ABB Ltd. said a power-cable technology that allows offshore wind farms to transmit more than twice the energy of current set-ups will boost orders at the company’s power systems division in coming years.
“It’s on the list of ABB’s most important breakthroughs in the last five years,” Chief Technology Officer Claes Rytoft said in an interview, adding that rival technologies are at least some years behind. “We know about projects that have not moved forward because they are missing this.”
The technology will spur the construction of even bigger offshore wind farms by doubling the power capacity of cable connections to about 2,600 megawatts from 1,000 megawatts today, making it the most powerful subsea connection system in the world, Rytoft said. It includes high-voltage power cables, joints and terminations.
A steady stream of cable orders may help Chief Executive Officer Ulrich Spiesshofer to strengthen the Power Systems unit, which has been grappling with delays to complex renewable energy projects. Charges at the business, which manages big-ticket projects such as offshore wind park connections, have weighed on the company’s earnings and Spiesshofer has pledged to return the division to profitability.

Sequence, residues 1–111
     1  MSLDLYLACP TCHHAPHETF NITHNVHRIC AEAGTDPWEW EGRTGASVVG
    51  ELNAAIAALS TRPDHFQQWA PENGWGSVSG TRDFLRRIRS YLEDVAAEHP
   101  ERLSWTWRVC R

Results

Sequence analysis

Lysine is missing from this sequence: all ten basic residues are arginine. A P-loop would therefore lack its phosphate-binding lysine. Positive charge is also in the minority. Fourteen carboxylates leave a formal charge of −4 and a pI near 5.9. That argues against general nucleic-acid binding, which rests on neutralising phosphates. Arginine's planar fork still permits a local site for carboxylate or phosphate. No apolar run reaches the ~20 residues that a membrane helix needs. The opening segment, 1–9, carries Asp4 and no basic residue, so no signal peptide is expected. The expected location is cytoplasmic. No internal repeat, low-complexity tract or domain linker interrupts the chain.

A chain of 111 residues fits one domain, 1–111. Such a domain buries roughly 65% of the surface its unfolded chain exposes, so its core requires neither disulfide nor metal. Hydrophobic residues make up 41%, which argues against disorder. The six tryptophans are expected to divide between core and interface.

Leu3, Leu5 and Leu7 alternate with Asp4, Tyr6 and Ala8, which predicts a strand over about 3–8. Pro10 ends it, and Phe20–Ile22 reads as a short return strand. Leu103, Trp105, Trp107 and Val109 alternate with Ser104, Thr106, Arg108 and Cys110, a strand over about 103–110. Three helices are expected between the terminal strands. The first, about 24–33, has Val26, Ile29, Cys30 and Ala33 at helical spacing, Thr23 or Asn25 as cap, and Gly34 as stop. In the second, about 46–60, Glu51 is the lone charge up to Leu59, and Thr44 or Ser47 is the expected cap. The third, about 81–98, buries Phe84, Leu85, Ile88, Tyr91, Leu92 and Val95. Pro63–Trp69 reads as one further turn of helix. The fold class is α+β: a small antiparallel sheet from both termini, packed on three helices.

In Europe, Milan-based Prysmian SpA and Paris-based Nexans SA compete with ABB, which is Switzerland’s biggest engineering company and also makes robots and power transformers, to supply high-voltage cables.
ABB shares have declined 11 percent this year, valuing the company at 48 billion francs ($53 billion), while the Swiss Market Index added 4.6 percent.
First orders for the new technology could come from German and U.K. transmission system operators, Rytoft said. The cables will double the amount of power that offshore wind parks can send back to the grid and will save costs by occupying less space than cables that are currently in operation, he said.
ABB has been building up its production capacity for high-voltage cables to meet demand for connecting wind parks as well as oil and gas platforms, and interconnections between countries. It’s spending $400 million to ramp up facilities in Karlskrona, Sweden, spread over four years to 2015.
While orders won’t come in immediately, Rytoft said it will boost ABB’s bids for projects to connect offshore wind parks, and orders will flow in over the coming years as utilities plan the high-voltage cable system it into their networks.